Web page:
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Int J Paediatr Dent. 2006 Jul;16(4):231-8.

Attitudes about dental care among parents whose children suffer from severe congenital heart disease: a case-control study.

Author information

1
Pediatric Dentistry, Faculty of Medicine, Umeå University, Umeå, Sweden.

Abstract

OBJECTIVES:

To examine attitudes and experiences of parents whose children have complex congenital heart disease (CHD) with respect to dental health information and advice, dental care, and service and to compare the results with data from an age- and gender-matched control group without any medical problems.

SETTING:

Faculty of Medicine (Paediatric Cardiology and Paediatric Dentistry), Umeå University, Umeå, Sweden.

SAMPLE AND METHOD:

Each group comprised parents of 33 children; the children's mean age was 9.4 years. All the cases and the controls resided in the county of Västerbotten, northern Sweden. Data were collected with a questionnaire with 20 joint questions to both groups and four additional questions to the CHD group.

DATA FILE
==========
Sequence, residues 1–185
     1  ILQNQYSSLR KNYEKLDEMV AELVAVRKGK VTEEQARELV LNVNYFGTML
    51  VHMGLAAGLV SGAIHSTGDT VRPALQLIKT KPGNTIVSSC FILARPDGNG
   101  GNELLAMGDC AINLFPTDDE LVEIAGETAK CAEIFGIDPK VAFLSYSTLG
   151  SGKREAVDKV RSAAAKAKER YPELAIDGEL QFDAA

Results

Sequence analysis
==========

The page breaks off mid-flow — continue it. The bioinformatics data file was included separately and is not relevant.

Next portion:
RESULTS:

Of the 20 joint questions, significant differences were displayed in the following areas: the professional group that provided the parents with dental health information and advice (P < 0.01), attitudes to reception at the dental clinic, and experience of sedation before operative dental treatment (P < 0.05). Parents to 11 children with CHD who were patients at a specialist clinic for paediatric dentistry scored the reception at the dental clinic as excellent in nine cases and satisfactory in two, compared to excellent (3), satisfactory (11), decent (4), and poor (4) among those who were patients in general dental practice (P < 0.01). No statistically significant differences in educational level or in parental experience of dental health were noted between the two groups (P > 0.05).

CONCLUSION:

Children with CHD in northern Sweden mainly receive their dental health information from a physician or a dentist, and healthy children mainly receive information from a dental hygienist indicating that children with CHD are given priority in the dental care system. Parental attitudes to reception in the dental service differed, and parents of healthy children scored the reception at the dental clinic better than parents of children with CHD. It is suggested that children with severe CHD should receive dental care in clinics for paediatric dentistry, particularly at early ages.

[Indexed for MEDLINE]

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